My daughter graduated from college a couple weeks ago, and I couldn’t be more proud. It’s exciting to watch her interview for jobs and contemplate next steps in her future. I’ve done my fatherly duty and helped educate her on the importance of contributing to her future employer’s retirement savings plan as soon as she lands her dream job.
All this talk of my daughter’s retirement planning got me thinking about how critically important a retirement plan is to so many employees – potential and current. Which leads me to ask…what is the real objective of an employer retirement savings plan? Seems like a fairly obvious question, but one that isn’t always asked. For those that actually think about the answer, the answer should likely be to provide a vehicle for employee to accumulate enough savings to be able to maintain a reasonable standard of living in retirement. To achieve that savings level, people may need to save at least 10 percent of their pay plus employer contributions over their entire working careers.* Each individual’s situation is unique, though, so your savings and post-retirement needs may differ.
We’re seeing some results, and they are pretty positive.
According to the 2014 403(b) Plan Survey sponsored by the Plan Sponsor Council of America (PSCA Survey), plans that have both employer and employee contributions are seeing an average of 10.7% of payroll contributed annually toward retirement savings. This breaks down to a 4.9% employer contribution and an average employee deferral of 5.8%.
It is even more interesting if we look at different types of employer contributions.
Employers that provide plan contributions whether or not the employee contributes, add an average of 6.5% employer contribution, and see an average employee deferral of 5.4%. That’s a total of 11.0% annually on average going to retirement savings.
Interestingly enough, however, some 403(b) plans are structured to provide part of the employer contribution as a match of employee contributions and part as an employer contribution whether or not the employee contributes. In these cases, on average the employer contributes an average of 5.2% of payroll annually, and sees an average employee deferral of 5.9% for a total of 11.1%. In other words, as good to slightly better overall results, better employee engagement in saving for their own retirement, and significantly less expensive from the employer’s perspective.
Those plans with matching contributions only see a 6.0% average deferral from employees and only an average cost to the employer of 3.9% of annual payroll. The overall result comes in at a distant third with a total of 9.9% average annual savings rate.
It is clear, though, that plan design plays a huge role in the engagement level of employees and the ability to maximize the percentage of annual income that goes toward retirement savings. Whether it’s a 10.7% overall average, or 11/11.1% total average annual savings rate, these are great indications that we’re seeing plans starting to get up to levels needed for more adequate retirement savings. There is still room for improvement, but it’s a great snapshot.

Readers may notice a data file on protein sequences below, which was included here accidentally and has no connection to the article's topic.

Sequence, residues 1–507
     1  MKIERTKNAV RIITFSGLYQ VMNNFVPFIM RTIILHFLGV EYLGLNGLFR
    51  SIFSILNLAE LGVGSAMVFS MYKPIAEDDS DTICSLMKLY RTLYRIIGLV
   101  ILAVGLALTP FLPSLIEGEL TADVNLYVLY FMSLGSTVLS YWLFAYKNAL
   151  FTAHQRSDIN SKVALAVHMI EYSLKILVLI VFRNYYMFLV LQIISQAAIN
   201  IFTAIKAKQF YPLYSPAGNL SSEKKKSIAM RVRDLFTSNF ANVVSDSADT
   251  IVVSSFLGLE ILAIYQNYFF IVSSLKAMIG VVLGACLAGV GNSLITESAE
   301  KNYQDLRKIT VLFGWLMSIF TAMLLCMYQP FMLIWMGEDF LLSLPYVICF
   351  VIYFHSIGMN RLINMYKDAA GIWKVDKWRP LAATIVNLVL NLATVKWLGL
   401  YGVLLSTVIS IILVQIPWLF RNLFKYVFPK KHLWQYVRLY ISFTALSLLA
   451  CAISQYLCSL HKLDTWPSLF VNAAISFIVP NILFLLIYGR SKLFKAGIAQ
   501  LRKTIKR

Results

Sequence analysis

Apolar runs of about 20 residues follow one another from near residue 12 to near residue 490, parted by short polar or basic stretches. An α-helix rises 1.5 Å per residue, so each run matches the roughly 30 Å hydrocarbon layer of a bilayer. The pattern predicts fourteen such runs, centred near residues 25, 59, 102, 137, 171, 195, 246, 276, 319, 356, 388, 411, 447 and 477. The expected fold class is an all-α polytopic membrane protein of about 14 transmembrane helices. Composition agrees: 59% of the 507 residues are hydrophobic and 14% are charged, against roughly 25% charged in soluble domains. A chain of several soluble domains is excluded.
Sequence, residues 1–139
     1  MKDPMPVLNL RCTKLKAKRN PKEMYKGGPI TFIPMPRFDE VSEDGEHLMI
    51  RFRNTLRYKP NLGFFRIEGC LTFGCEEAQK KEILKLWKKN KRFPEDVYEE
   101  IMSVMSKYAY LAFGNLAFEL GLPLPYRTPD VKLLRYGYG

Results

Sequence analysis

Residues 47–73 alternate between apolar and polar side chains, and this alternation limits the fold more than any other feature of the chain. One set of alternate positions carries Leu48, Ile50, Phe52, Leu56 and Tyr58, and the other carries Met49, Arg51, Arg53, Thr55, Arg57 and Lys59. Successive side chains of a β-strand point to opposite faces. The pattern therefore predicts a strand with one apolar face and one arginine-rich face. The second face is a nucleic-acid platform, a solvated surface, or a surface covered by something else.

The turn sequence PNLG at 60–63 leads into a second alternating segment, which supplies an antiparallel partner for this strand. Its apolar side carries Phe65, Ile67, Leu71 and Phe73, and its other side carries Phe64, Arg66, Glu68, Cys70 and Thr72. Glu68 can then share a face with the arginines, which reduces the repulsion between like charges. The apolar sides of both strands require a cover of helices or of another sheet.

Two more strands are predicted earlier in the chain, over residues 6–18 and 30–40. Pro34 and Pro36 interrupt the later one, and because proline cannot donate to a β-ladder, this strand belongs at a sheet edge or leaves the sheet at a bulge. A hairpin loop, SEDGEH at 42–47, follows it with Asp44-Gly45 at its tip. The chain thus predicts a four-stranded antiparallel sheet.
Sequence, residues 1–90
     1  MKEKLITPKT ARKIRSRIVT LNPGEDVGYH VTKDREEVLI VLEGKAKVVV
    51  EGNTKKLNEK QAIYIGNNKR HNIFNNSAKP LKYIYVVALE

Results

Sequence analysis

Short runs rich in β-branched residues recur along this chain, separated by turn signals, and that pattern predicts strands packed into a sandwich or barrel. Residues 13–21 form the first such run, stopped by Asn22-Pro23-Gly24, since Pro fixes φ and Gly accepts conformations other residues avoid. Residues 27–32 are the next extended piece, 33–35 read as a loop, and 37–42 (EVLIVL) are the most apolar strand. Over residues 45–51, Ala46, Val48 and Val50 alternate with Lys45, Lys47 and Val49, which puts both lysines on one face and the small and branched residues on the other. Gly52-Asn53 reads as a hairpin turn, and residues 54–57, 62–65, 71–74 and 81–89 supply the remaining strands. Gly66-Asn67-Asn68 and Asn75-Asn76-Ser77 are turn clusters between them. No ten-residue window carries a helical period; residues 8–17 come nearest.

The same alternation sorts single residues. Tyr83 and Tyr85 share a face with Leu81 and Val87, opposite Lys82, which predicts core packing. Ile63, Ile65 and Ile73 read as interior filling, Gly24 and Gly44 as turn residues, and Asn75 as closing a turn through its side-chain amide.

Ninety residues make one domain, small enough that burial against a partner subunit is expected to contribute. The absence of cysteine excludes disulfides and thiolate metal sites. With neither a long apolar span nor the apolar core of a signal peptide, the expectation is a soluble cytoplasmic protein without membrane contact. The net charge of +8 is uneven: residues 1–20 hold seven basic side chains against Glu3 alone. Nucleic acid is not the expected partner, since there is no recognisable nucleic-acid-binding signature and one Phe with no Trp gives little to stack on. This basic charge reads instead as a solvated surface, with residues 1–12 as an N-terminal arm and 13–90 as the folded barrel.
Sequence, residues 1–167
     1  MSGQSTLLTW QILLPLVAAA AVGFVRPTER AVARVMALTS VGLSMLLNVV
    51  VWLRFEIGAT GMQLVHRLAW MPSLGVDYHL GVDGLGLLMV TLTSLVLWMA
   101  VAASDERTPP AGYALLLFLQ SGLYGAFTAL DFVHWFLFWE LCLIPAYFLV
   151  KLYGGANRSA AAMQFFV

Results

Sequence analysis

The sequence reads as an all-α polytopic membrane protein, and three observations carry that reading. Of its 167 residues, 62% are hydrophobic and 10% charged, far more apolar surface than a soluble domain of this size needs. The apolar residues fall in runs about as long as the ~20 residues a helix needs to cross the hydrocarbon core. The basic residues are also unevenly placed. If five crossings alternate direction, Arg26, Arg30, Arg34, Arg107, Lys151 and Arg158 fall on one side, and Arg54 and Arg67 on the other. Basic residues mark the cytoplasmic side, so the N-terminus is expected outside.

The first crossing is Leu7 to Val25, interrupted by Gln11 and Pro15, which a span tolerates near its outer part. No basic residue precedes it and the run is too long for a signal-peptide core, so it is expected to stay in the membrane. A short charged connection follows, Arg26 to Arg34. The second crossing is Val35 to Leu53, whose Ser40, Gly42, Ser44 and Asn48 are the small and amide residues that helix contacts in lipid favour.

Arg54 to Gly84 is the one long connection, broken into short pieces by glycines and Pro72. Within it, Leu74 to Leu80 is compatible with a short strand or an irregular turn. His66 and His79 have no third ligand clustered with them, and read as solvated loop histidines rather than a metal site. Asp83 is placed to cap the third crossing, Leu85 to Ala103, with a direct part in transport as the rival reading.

And, I hope my daughter heeds her father’s smart advice to take advantage of an employer-provided retirement savings plan and save as much as she can as early as she can. Once she lands that dream job, of course.
In addition to blogging here, I also tweet regularly about topics of interest to Tax Exempt plans. Follow me on Twitter: @1aaronfriedman1.
* Based on analysis conducted by the Principal Financial Group®, August 2013. The estimate assumes a 40-year span of accumulating savings and the following facts: retirement at age 65; a combined individual and plan sponsor contribution of 12 percent; Social Security providing 40 percent replacement of income; 7 percent annual rate of return; 2.5 percent annual inflation; and 3.5 percent annual wage growth over 40 years in the workforce. This estimate is based on a goal of replacing about 85 percent of salary. The assumed rate of return for the analysis is hypothetical and does not guarantee any future returns nor represent the return of any particular investment. Contributions do not take into account the impact of taxes on pre-tax distributions. Individual results will vary. Participants should regularly review their savings progress and post-retirement needs.
While this communication may be used to promote or market a transaction or an idea that is discussed in the publication, it is intended to provide general information about the subject matter covered and is provided with the understanding that none of the member companies of The Principal are rendering legal, accounting, or tax advice. It is not a marketed opinion and may not be used to avoid penalties under the Internal Revenue Code. You should consult with appropriate counsel or other advisors on all matters pertaining to legal, tax, or accounting obligations and requirements.
Insurance products and plan administrative services are provided by Principal Life Insurance Company, a member of the Principal Financial Group® (The Principal®), Des Moines, IA 50392.
© 2014 Principal Financial Services, Inc.
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